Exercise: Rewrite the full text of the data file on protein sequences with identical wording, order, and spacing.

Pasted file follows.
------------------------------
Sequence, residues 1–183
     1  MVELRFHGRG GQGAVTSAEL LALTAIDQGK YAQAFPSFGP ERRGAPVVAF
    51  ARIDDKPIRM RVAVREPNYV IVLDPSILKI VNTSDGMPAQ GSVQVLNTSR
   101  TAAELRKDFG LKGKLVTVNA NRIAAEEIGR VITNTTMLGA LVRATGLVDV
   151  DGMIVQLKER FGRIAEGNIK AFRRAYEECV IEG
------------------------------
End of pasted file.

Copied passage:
Sequence, residues 1–183
     1  MVELRFHGRG GQGAVTSAEL LALTAIDQGK YAQAFPSFGP ERRGAPVVAF
    51  ARIDDKPIRM RVAVREPNYV IVLDPSILKI VNTSDGMPAQ GSVQVLNTSR
   101  TAAELRKDFG LKGKLVTVNA NRIAAEEIGR VITNTTMLGA LVRATGLVDV
   151  DGMIVQLKER FGRIAEGNIK AFRRAYEECV IEG